Being poor is relative, not a state of mind. When one cannot purchase basic necessities, afford housing, or afford to move from one housing situation to a more reasonably priced solution, then circumstances dictate a state of being poor, or impoverished.
[quote=“JL_Frusha, post:21, topic:1980”]
Being poor is relative, not a state of mind.[/quote]
It’s no relative of mine.
Must not be too far from your door. You’re in here trying to drum up funds to build…
Yes- by definition: they take a “vow of poverty.”
True, and not a new problem. The wealthy have, through history, looked down upon the “nouveau riche” because they didn’t understand how to deal with wealth, and often squandered it. Our celebrity entertainers in the modern world- they have essentially “found” wealth rather than created it, and it’s often reflected in their poor understanding of how wealth is created, and sustained, and spread to those who are not yet wealthy.
Refugees may or may not have been poverty stricken before they needed refuge. Many were wealthy or at least working class before circumstance befell them, and they do not lack for motivation, in many cases. However, that motivation can still be stifled and eve extinguished by lack of opportunity.
Yet another class other than those simply ignorant of how to build wealth, are those who CHOOSE to be homeless. Many people simply do not want to work, do not want to follow systemic societal rules, and do not care one way or the other how much stuff they have, or in many cases don’t even carefor what other people consider comfort, or necessity. If you don’t mind pooping on the ground, and don’t care about personal hygiene, a toilet and running water are not “necessary”.
Again, ‘necessities’ aren’t always necessary. In Iraq and Afghanistan, we often couldn’t get locals to use a toilet. They would rather crap alongside the berm around the camp than use a port-a-john toilet. To them, what we consider basic, necessary hygiene was not only unnecessary, it wasn’t even desirable.
If one’s customary housing is a bedouin tent, one may well look down on people who live in houses of mud or stone because their lifestyle is static.Is the tent bedouin more impoverished than the person who chose to live in a hut?
Poverty is both a state of mind and relative. To a rich man, someone with less income is living in poverty. To me, a person with high income living way beyond their means is a step from poverty. The primary mechanisms of wealth-building are delayed gratification and future orientation. Sadly lacking in the poor, fairly common amongst the rich. Consider Maszow’s hierarchy- is a person wealthy before they achieve self actualization? When they achieve love? Does it take societal esteem? I personally would not trade places with past millionaire John D. Rockefeller, because despite his relative wealth compared to his contemporaries, he lived in a period of appalling scientific and medical ignorance and lack of physical comforts and security that even our modern welfare recipients don’t have to endure. I think I would personally put the beginnings of the “wealthy” class at the stage where they have achieved physiological needs and a measure of future security.
Even rich people collaborate to invest in large projects.
[quote=“JL_Frusha, post:23, topic:1980”]
You’re in here trying to drum up funds to build…[/quote]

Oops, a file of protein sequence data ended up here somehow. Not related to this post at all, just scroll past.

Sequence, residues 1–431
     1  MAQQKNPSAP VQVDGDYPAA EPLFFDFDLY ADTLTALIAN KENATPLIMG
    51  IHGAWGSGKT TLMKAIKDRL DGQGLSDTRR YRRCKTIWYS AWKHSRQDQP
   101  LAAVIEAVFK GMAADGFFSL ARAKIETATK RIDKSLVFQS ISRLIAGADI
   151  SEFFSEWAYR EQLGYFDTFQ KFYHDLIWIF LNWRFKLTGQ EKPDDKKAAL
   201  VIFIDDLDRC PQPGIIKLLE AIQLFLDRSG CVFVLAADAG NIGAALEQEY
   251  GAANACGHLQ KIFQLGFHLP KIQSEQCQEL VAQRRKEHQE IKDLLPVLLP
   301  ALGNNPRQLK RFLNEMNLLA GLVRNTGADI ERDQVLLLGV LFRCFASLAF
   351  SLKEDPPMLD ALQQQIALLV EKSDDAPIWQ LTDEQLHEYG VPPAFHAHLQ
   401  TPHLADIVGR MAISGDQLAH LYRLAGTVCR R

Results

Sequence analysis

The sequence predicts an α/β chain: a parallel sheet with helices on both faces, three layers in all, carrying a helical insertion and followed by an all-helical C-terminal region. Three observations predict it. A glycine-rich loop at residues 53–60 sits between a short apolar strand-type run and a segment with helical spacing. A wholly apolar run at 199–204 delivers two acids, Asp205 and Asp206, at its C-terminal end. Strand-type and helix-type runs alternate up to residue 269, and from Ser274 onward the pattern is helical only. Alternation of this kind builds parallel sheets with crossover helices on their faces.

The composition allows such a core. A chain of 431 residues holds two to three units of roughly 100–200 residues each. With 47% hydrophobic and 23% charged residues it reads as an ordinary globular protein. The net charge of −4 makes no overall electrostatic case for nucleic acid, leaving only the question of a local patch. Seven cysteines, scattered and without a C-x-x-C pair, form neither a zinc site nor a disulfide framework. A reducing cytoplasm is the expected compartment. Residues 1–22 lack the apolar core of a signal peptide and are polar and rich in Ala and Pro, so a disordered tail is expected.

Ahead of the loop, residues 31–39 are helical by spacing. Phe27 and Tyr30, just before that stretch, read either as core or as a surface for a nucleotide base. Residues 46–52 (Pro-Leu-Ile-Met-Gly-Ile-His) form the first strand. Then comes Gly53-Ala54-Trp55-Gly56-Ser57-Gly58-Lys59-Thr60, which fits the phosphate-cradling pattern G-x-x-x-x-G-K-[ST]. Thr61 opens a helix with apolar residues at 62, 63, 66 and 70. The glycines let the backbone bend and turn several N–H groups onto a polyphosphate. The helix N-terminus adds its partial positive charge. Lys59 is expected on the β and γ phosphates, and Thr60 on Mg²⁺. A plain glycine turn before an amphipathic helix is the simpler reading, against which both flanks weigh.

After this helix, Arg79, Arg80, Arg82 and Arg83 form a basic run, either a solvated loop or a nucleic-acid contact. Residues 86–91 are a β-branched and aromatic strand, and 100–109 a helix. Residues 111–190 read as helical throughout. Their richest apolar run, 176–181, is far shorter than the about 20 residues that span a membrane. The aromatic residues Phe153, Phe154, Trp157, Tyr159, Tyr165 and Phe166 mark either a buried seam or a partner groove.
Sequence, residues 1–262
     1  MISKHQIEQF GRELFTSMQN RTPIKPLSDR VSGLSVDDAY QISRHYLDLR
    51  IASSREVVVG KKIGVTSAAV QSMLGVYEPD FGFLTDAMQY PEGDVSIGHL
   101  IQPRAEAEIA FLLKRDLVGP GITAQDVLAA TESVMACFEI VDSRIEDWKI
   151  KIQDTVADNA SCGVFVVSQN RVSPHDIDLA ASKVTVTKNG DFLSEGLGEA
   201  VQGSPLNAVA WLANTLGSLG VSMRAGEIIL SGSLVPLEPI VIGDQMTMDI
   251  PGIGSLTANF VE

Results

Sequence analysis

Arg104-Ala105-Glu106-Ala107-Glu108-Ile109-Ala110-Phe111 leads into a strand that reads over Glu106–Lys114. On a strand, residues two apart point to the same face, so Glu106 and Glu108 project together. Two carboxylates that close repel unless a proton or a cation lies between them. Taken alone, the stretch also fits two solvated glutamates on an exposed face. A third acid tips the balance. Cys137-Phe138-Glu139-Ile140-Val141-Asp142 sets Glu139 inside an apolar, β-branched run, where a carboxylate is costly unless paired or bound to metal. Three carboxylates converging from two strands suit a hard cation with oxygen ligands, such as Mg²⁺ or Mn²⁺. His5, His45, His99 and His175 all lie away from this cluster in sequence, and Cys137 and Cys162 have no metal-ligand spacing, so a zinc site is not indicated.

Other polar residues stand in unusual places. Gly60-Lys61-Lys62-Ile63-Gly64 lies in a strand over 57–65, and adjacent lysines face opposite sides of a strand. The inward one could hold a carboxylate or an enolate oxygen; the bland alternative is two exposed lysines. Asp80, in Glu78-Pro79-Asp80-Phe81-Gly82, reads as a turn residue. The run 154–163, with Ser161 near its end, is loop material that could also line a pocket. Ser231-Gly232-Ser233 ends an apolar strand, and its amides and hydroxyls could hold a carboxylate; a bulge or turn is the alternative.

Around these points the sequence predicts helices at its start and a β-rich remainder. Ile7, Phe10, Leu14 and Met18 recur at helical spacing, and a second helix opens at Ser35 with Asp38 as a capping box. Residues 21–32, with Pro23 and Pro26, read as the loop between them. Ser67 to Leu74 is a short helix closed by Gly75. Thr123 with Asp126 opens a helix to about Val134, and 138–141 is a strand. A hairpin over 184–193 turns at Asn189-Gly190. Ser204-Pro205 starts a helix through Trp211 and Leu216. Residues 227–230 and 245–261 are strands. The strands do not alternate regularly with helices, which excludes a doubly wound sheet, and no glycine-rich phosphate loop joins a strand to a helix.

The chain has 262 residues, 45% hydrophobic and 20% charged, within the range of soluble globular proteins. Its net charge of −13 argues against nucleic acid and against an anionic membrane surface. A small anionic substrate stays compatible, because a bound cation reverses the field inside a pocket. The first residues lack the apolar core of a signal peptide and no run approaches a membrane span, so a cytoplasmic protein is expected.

That’s not what this forum is good for. I never hid my intentions for being on here, I’m keeping my eye out for talent. The Marinea Project formed on here. I was amazed at the quality of talent that found their way here. Our CEO has an MBA from Harvard, pretty good credentials but that is the quality of the people that we have on here.
We still need a lawyer and a CFO of some type, however we still have time for that. But I never meant to mislead anyone, once we started this pilot project, that is where my attention has to be. I hold conversations with others with similar interests as mine on here but my focus is always Marinea and will be until I see it in the water. I hope that doesn’t bother you, About the relative thing, I meant no offense, it was just a joke.
Basic necessities for food, water, housing, heating and cooling all have price tags. That was my point. Depending on location and situations, that may by a personal investment of labor, or monetary costs.
Regulations being what they are, I just bought a $1k composting toilet and a $400 composted, to deal with regulations on waste disposal. That may well screw up my land purchase. I’ve been homeless, been abused for not having an income sufficient to afford housing, had possessions stolen because the police were indifferent to the plight of the homeless.
Poverty isn’t anything to joke about. I just moved, when we had to borrow funds to do so, so that we can escape the expense of a high rent area. I have no earthly idea how I’m going to pay that back.
Things that we, in 1st World countries count as necessities are admittedly different than survival necessities. That toilet and composter are long term investments in a healthy survival for my family. Treating wastes to make fertilizer, to raise food, to cut other expenses.
I understand differently, because I have to live with poverty. That isn’t a reflection of intellect, or dreams, just a current fact.
On the contrary, handled correctly, everything is something to joke about. It’s better to laugh in disbelief at how artificially hard things can be made to be, than to get frustrated and break down in tears.
I also have been homeless for a short period. It’s scary.
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The absolute hardest thing I’ve had to face is homelessness WITH dependents and pets. By myself, not nearly as much of a problem.
That has been within the last several weeks. Perhaps in a few months, I may from find humor in bits and pieces, but that will take time. However, it’s not something to carelessly toss jokes AT.